By Ray Fleming

“B eing in denial” is a phrase often used to describe someone who will not or cannot recognise the reality that surrounds him or her. We don't often see national leaders who are clearly in denial but President Bashr al-Assad of Syria seemed to be in this condition in the TV interview by Barbara Walters of ABC News earlier this week. His claim that more members of the Syrian armed forces have been killed by civilians than civilians by the armed forces was only one of a number of statements divorced from what is known of recent events in Syria.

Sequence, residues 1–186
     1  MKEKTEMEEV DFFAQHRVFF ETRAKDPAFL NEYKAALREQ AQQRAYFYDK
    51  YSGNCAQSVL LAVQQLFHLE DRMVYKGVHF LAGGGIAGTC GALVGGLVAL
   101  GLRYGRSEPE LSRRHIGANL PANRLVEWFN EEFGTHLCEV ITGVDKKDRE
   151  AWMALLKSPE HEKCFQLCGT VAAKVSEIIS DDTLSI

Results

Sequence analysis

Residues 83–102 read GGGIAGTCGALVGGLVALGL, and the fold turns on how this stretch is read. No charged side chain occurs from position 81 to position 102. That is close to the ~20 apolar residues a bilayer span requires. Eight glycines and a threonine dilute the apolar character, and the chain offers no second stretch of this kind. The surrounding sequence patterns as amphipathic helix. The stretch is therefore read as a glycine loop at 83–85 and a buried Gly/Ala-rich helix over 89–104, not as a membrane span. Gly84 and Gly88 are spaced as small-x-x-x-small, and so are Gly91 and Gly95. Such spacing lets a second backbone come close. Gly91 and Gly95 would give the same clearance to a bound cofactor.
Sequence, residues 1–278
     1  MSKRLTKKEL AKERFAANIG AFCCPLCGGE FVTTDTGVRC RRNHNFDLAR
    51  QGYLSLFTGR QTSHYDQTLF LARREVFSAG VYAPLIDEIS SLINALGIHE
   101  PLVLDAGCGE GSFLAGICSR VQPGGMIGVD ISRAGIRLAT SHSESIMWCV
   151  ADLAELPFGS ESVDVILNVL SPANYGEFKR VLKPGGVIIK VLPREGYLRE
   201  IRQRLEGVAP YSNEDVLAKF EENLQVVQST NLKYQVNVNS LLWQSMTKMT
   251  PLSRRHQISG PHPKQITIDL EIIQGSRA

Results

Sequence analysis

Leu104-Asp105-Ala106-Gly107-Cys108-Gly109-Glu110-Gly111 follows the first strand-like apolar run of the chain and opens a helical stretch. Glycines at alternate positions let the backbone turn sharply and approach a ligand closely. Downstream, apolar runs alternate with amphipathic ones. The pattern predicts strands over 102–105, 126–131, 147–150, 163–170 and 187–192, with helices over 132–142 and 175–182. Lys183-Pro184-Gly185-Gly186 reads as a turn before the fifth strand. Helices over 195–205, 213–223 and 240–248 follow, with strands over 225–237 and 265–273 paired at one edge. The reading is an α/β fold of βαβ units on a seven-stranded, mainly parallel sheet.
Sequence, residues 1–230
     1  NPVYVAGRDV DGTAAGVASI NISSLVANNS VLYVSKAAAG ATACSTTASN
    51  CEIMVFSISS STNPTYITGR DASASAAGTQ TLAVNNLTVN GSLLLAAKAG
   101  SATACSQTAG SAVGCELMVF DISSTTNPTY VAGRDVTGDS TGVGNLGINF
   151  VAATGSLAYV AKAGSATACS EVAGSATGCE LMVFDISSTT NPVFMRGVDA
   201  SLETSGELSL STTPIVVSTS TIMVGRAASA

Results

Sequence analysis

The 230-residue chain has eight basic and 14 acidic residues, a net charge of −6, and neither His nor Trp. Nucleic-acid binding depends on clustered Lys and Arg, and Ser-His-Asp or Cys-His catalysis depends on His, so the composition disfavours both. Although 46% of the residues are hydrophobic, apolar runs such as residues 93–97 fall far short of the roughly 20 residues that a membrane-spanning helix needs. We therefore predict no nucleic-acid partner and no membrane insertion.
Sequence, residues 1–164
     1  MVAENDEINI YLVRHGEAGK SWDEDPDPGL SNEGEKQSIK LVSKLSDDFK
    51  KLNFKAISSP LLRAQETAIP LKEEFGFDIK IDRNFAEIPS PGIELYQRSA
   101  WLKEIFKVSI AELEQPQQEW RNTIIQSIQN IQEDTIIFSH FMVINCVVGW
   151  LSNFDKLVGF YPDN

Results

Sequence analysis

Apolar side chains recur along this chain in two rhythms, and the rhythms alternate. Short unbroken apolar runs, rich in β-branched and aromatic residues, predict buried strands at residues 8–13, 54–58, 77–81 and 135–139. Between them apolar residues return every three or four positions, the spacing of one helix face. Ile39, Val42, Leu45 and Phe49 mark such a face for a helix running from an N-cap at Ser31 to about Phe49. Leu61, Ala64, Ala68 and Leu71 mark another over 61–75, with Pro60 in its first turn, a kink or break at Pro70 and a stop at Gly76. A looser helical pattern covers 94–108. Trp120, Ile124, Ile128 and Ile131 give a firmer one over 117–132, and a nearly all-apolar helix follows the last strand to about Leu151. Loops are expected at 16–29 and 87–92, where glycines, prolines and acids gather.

Even stranger was his assertion that he has no control over the Syrian army, given that the country's Constitution states clearly that he is Commander-in-Chief. “We don't kill our people,“ he said, “no government in the world kills its people unless it's led by a crazy person.” Is it possible that President Assad is being held incommunicado by other powerful elements in the Syrian government and genuinely does not know what is really happening? That seems unlikely, although the Syrian Army has always been a law unto itself. All the same, Assad's demeanour during the interview seemed odd and uneasy. Were the questions put to him by the veteran Barbara Walters taking him into unfamiliar territory? Was his interview a cry for help to the outside world?


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